A story of a mystery Whitchurch house – and a grand story! Nigel Lewis charts the intriguing story of the Vachell family
By Nigel Lewis
The Vachell family were well-known in Cardiff in the eighteenth and nineteenth centuries, and the earliest reference is of Charles Vachell.
In 1796, he was hauled up before the Cardiff Quarter Sessions for trading as a druggist without permission. I think a druggist back then was quite different to anything we might consider today. He was a pharmacist!
He claimed exemption on the grounds that he had been a ship’s surgeon in the navy, and for three years, had been fighting in the French Revolutionary Wars. It obviously worked because the Vachell family became very well known as druggists in Cardiff for many years thereafter.
Charles Vachell prospered; he married and had a big house in Crockherbtown (now Queen Street) and had three children – Charles Jr, William (who was born in 1789), and another sibling. Charles Jr and William developed the family business in the town centre with their father.
Later, Charles Jr became Mayor of Cardiff and built houses on a new swanky street, just off Crockherbtown. He called it Charles Street, after his father. Others in the family built houses there too.
William, however, planned a different route. He stayed in the family business as a druggist and married Mellicent in 1813. They had five children, with their son Fredrick Charles born in 1828. It seems that all the others died young, with Mellicent dying too in 1831. William married again to Ann, and had a son, but they too sadly died.
Like so many successful men at that time, William decided to retire to the country – to leafy Whitchurch. He sold his business to Griffith Phillips, who later moved to Whitchurch himself and also became Mayor in due time, but that’s another story!
We first find a record of William in the village on the Tithe Map of 1840 when he was living in Wauntreoda Farm (later of Flays Farm fame), and tenanting all of the land on both sides of the Merthyr Road towards the Philog. At that time there were no houses, just the farm, Ararat Chapel, and the Three Elms pub on the corner. Otherwise, it was just open fields.
Ten years later, we find William still living in Whitchurch, but not at the farm. He was listed as a ‘retired druggist’, living with his 23-year-old son, a housekeeper, and two other servants in a house on the Philog, seemingly opposite the farm.
So where was he living? There’s not much to guide us. Much later, on the OS map of 1880, there was a house called Bryn Glas, opposite the farm. This was set back from the road with a sweeping driveway and extensive gardens with trees. Was this the house that William had built as his home? But, by then, there were lots of small cottages along the road too.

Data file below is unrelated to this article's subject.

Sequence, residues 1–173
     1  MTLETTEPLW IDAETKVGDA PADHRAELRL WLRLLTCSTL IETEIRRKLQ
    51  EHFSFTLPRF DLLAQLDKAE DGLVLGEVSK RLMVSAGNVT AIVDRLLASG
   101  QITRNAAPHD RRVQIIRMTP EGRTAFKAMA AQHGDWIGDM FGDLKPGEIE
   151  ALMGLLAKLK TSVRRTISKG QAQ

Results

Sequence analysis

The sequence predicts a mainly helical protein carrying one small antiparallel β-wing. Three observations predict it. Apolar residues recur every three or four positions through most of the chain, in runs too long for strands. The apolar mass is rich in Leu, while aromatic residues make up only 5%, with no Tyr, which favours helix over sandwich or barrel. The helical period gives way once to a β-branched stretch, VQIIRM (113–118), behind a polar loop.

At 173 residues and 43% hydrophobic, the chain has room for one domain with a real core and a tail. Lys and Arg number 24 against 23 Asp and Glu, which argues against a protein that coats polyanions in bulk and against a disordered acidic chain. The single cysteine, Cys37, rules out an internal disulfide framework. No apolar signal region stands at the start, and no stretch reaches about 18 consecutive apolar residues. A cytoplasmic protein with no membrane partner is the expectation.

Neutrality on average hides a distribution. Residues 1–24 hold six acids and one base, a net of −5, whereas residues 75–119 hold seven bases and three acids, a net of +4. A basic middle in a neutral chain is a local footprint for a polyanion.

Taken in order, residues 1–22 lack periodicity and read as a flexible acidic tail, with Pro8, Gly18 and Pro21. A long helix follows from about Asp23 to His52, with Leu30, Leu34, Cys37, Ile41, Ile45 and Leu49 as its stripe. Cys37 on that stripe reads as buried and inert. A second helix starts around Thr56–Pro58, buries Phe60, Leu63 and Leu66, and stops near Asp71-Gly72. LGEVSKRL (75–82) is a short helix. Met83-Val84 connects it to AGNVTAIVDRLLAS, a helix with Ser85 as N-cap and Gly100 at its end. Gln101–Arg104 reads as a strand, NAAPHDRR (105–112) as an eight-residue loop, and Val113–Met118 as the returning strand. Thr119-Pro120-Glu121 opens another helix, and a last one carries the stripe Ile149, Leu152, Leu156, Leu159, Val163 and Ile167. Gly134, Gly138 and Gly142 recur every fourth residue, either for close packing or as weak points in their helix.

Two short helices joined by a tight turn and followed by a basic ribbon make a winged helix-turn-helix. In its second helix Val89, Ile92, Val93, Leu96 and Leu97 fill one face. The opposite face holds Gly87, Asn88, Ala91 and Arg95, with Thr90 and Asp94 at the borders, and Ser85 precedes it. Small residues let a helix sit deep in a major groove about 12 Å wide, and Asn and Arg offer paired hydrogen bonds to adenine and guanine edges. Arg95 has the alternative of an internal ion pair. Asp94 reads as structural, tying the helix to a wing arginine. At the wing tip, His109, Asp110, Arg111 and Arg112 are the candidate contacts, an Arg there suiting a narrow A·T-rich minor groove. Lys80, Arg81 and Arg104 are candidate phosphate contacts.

The sketch map below shows the area about 1851 with Bryn Glas in splendid isolation. If Bryn Glas was William’s house, I wonder what it looked like? There are no drawings or photographs to help, but there are a few clues.
Tony Lloyd tells us that in 1851, William had a terrace of 6 houses built on North Road at Blackweir; and they’re still there (see photograph). They have Georgian proportions with elegant windows and hipped slated roofs. And there were a few other grand houses being built at that time; Roath Court in Newport Road and Rosemount on North Road, both with Georgian proportions and styling. Bryn Glas might well have looked like them.
The coloured sketch below gives an impression of what William might have built on the Philog. Possibly a 3-storey house with bay windows on the ground floor and sash windows over. I suspect that Bryn Glas might have had a render finish and, of course, topped with a hipped slated roof with tall chimneys. All very grand.
It’s been suggested that William had plans to add extensive pleasure gardens with lawns and landscaped grounds all the way down to the Philog, but this never happened.
So, what happened to William and his son?
By 1861, William Bedlington, a mining engineer from Durham was living in the house with his family, and there was no sign of the Vachells. It is thought that William Vachell died about 1860 (before he had chance to landscape his grounds), and William Bedlington acquired the house.
William’s son Fredrick Charles moved to Llandaff and had an enormous house built for himself there. I wonder what happened to him?
In time, William Bedlington also died but his widow and family remained in the house (she was still there in 1891, according to the census).
We’ve been told tales of the old house becoming more and more derelict, and ending up as a playground for local children after WW1. Nothing of Bryn Glas remains now. The ruins were cleared away and the site is now occupied by the block of flats called Retford Court.
The front boundary walls are all fine stone, and I wonder if they were part of the original house? And there are some large trees in the grounds, but they are probably too young to be the originals from Bryn Glas. But as so often is said in the village, who knows?
A mystery house with an intriguing family story. Do you know any more about William and his son, or about Bryn Glas? We’d love to hear!
Nigel Lewis is a member of AWEN@thelibrary (firstname.lastname@example.org)